Alcohol Use Before Sex and HIV Acquisition: A Longitudinal Study in Rakai, Uganda
June 9, 2006
The researchers in the current study sought to examine the association between alcohol use and HIV acquisition in a population-based cohort in Rakai, Uganda, from 1994 to 2002.
Adjusted incidence rate ratios (adjIRR) and 95 percent confidence intervals (CI) were estimated using Poisson multivariate regression. The authors also estimated adjusted prevalence rate ratios to assess the association between use of alcohol and the number of sex partners and consistency of condom use.
HIV incidence in 6,791 men and 8,084 women was 1.4 per 100 person-years and 1.5 per 100 person-years, respectively. "After adjustment for sociodemographic and behavioral factors, the risks of HIV when one partner consumed alcohol before sex were: adjIRR 1.67, 95 percent CI 1.17-2.40 among men, and adjIRR 1.40, 95 percent CI 1.02-1.92 among women, and when both partners consumed alcohol the risks were adjIRR 1.58, 95 percent CI 1.13-2.21 among men, and adjIRR 1.81, 95 percent CI 1.34-2.45 among women." In both sexes, the authors found alcohol use was significantly associated with inconsistent condom use and multiple sexual partners.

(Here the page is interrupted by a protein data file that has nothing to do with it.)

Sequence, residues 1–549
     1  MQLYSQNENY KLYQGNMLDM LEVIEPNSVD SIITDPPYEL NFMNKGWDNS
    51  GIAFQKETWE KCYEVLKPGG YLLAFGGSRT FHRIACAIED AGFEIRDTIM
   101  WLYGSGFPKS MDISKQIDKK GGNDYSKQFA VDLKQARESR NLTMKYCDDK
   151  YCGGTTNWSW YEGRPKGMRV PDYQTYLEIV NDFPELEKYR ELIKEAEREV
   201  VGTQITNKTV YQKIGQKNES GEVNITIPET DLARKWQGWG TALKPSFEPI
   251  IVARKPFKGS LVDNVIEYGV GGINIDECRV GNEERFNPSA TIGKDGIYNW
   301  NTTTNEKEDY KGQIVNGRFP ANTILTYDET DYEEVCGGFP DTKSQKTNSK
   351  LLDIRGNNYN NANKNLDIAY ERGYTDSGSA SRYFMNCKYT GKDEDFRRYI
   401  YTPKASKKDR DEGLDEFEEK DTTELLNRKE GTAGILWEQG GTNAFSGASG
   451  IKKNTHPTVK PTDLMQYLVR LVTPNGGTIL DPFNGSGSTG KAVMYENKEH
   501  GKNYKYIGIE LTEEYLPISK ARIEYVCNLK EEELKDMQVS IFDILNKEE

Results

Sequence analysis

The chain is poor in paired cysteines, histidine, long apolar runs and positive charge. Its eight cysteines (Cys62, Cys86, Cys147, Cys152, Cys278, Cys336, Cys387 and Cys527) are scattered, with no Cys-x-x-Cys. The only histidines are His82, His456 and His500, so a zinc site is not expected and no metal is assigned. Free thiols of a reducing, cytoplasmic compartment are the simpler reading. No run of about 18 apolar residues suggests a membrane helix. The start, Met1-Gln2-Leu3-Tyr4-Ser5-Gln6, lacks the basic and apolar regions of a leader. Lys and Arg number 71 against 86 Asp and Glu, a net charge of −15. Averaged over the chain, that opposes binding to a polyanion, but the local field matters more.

Alcohol use prior to sex increases HIV acquisition, the researchers concluded. Thus, HIV prevention programs should include components to reduce alcohol use.
05.12.2006; Vol. 20; No. 8: P. 1191-1196; Iryna B. Zablotska; Ronald H. Gray; David Serwadda; Fred Nalugoda; Godfrey Kigozi; Nelson Sewankambo; Tom Lutalo; Fred Wabwire Mangen; Maria Wawer
This article was provided by U.S. Centers for Disease Control and Prevention. It is a part of the publication CDC HIV/Hepatitis/STD/TB Prevention News Update. Visit the CDC's website to find out more about their activities, publications and services.